ADVANCING RESEARCH, IMPROVING EDUCATION

National Center for the
Dissemination of Disability Research

Webcast 6
The RAICES/Promotoras Project: Culturally Competent Research on Children's Mental Health with Latino Communities

January 10, 2007, 2:00 PM CST

About the Webcast

The presentation describes the RAICES/Promotoras Project at the University of South Florida, Louis de la Parte Florida Mental Health Institute, in Tampa. The RAICES project was funded by NIDRR to develop a training curriculum that integrates the promotora outreach model with the local school-based case management program. Promotoras are community members who use their knowledge of local resources and their neighborhood's health and social issues to promote healthy living and help community residents access needed health and social services.

The RAICES project targets at-risk limited English speaking and Spanish monolingual Latino children or those with serious emotional disturbance enrolled in grades K-5. Very often, such children and their families fail to link with available services because of language, cultural and other barriers. "RAICES," which stands for Resources, Advocacy, Integration, Collaboration, Empowerment, and Services, means "roots" in Spanish and symbolizes building healthy school and family ties upon the foundations present within the family and community.

About the Presenters

Mario Hernandez, PhD, serves as Interim Chair of the Department of Child and Family Studies, University of South Florida and is Principal Investigator for the RAICES/Promotoras Project. He is a psychologist and Professor in the Department of Child and Family Studies at the Louis de la Parte Florida Mental Health Institute. Since August 1998, Dr. Hernandez has served as Director of the Division of Training, Research, Evaluations and Demonstrations (TREaD) within the Department. Dr. Hernandez is known nationally for his expertise in a number of topics such as systems of care, cultural competence and disparities, measurement of outcomes, and theories of change. He recently edited and contributed to a special issue of the American Journal of Community Psychology that focused on a social planning approach. In addition, he has edited a book on Promoting Cultural Competence in Children's Mental Health Services.

Ms. Linda M. Callejas conducts research and evaluation in the areas of collaborative community development initiatives, educational programs, mental health disparities among minority populations, and race/ethnicity among U.S. Latinos. Most recently, Ms. Callejas developed a training curriculum for locally funded school-linked case management teams in Hillsborough County public schools that integrate the promotoras model of outreach, as part of the RAICES/Promotoras Field Initiated Project, funded by NIDRR. As an outgrowth of this project, she has also worked to support the continued development of the Familias Latinas Dejando Huellas, Tampa Bay Chapter of the Federation of Families for Children's Mental Health-the first and only such chapter in the nation developed to address the specific needs of Spanish-speaking children and families. She serves as a member of the Board of Directors for the Federation of Families for Children's Mental Health, Hillsborough County Chapter, for 2006-2007. Ms. Callejas has an M.A. in Comparative Sociology and is a doctoral candidate in Applied Anthropology.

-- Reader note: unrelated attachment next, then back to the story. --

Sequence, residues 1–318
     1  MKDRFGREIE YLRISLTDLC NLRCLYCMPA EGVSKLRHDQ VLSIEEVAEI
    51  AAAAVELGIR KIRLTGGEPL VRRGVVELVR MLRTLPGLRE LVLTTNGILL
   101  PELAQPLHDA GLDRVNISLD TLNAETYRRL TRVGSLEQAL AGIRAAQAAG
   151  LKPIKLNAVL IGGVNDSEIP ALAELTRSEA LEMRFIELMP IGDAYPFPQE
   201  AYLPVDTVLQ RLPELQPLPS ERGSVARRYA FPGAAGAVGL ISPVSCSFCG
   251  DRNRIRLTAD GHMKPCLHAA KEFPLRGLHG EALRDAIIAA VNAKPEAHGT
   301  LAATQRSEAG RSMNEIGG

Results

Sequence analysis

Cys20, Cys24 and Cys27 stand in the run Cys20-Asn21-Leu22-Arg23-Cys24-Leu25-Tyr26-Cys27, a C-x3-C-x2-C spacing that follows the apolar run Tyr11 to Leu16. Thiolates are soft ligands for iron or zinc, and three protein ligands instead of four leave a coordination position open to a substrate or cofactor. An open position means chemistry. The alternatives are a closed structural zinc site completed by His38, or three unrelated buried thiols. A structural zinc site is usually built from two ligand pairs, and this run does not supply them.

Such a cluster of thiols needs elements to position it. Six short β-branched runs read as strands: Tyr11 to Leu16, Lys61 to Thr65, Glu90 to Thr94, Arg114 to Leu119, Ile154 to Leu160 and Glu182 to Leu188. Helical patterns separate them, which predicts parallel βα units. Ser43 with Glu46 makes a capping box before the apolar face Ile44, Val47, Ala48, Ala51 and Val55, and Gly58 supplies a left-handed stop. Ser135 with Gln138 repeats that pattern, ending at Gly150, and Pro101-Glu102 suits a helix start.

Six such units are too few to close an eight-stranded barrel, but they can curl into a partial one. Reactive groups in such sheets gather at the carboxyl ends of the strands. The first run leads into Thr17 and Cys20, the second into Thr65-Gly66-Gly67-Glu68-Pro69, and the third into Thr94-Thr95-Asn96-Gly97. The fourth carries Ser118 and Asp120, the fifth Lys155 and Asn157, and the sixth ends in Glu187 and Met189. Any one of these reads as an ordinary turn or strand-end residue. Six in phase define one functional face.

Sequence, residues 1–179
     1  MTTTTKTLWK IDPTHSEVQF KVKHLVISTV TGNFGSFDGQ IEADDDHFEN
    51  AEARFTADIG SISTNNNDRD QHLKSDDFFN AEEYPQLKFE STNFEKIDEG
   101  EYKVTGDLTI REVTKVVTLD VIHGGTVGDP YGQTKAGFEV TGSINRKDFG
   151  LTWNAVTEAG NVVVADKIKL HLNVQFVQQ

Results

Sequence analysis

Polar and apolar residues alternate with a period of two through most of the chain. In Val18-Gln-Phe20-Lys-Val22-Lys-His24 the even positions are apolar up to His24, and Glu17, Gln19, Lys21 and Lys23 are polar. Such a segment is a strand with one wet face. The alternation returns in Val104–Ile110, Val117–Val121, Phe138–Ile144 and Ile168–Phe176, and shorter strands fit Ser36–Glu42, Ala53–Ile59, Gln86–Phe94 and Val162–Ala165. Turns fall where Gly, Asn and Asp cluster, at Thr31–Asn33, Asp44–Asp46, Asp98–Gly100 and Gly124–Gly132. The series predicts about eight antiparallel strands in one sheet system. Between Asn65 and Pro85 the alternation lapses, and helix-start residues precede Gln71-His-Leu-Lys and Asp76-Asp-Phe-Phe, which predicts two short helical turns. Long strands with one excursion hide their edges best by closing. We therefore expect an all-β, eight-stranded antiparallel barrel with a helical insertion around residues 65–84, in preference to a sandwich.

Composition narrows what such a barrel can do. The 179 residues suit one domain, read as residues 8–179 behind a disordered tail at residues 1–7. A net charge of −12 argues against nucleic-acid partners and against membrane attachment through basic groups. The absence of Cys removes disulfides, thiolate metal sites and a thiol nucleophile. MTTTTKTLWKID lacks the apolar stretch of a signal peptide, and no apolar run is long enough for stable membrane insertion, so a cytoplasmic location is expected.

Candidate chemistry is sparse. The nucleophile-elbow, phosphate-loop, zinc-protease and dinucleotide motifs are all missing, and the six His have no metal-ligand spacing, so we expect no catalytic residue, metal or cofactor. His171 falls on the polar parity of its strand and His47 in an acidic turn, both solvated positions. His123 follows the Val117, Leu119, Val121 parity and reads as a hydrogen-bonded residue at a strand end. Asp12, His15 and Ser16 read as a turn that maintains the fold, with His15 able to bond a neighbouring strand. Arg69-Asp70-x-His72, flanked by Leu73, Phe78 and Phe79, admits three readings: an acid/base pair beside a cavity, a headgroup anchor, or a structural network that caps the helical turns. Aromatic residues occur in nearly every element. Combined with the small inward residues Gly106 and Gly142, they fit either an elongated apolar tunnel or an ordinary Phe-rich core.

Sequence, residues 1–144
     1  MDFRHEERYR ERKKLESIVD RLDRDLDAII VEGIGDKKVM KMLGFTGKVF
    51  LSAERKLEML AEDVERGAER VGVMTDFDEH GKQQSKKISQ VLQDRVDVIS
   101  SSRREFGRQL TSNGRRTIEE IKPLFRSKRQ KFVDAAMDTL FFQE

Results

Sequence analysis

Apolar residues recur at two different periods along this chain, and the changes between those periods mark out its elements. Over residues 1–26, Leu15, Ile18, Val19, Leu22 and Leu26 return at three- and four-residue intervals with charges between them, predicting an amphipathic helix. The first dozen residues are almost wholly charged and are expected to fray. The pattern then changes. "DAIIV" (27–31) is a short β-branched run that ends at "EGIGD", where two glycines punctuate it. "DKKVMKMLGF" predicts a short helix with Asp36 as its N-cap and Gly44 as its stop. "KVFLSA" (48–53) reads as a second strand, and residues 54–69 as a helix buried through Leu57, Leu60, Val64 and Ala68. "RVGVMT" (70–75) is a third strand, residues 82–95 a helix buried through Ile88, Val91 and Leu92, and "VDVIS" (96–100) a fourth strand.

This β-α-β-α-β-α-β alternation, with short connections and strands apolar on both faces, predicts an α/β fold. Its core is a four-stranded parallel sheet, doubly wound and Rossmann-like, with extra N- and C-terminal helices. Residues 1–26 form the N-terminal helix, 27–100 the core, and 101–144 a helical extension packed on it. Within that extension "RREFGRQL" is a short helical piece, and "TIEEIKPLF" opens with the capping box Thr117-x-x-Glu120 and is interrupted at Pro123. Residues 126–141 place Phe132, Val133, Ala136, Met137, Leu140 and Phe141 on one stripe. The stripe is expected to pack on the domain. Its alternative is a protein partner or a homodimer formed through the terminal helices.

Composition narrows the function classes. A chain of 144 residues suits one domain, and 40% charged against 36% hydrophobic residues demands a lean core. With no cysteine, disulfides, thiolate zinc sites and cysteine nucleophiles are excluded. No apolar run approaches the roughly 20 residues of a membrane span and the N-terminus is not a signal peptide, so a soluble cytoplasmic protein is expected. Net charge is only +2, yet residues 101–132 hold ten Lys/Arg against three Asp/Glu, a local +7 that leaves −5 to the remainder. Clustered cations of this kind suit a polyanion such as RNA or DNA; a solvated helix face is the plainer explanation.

Ms. Maggie Sanchez has over 25 years of experience working within the Health and Human Social Services arenas. She currently holds the position as Program Supervisor for the Family And School Support Team, also known as (F.A.S.S.T.). The F.A.S.S.T bilingual teams were developed as part of the RAICES/Promotoras Field Initiated Project. Ms. Sanchez has worked with state and non-profit agencies in various capacities such as job coaching for individuals with cognitive disabilities and providing on-going training and retention skills at the Community College level. She also is experienced as a Bilingual Crisis Counselor with victims of Domestic Violence, Sexual Assault and Child Abuse. For the past five years Ms. Sanchez has worked for the local Hispanic Services Council in various grant-funded positions that target Hispanic-Latino families with direct implementation of supportive services. These services are intended to increase family involvement within the areas of mental health and social service access, and to increase academic success within the Hispanic-Latino student population. Ms. Sanchez has a Bachelors Degree in Applied Behavioral Science, and is involved in numerous community and church activities.



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Presentation Materials

Go to Transcript of the webcast (Word file 164KB)



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This webcast is supported through the National Center for the Dissemination of Disability Research (NCDDR), which is funded by the National Institute on Disability and Rehabilitation Research (NIDRR) in the U.S. Department of Education, and is supported in part by ILRU. The opinions and views expressed are those of the presenters and no endorsement by the funding agency should be inferred.

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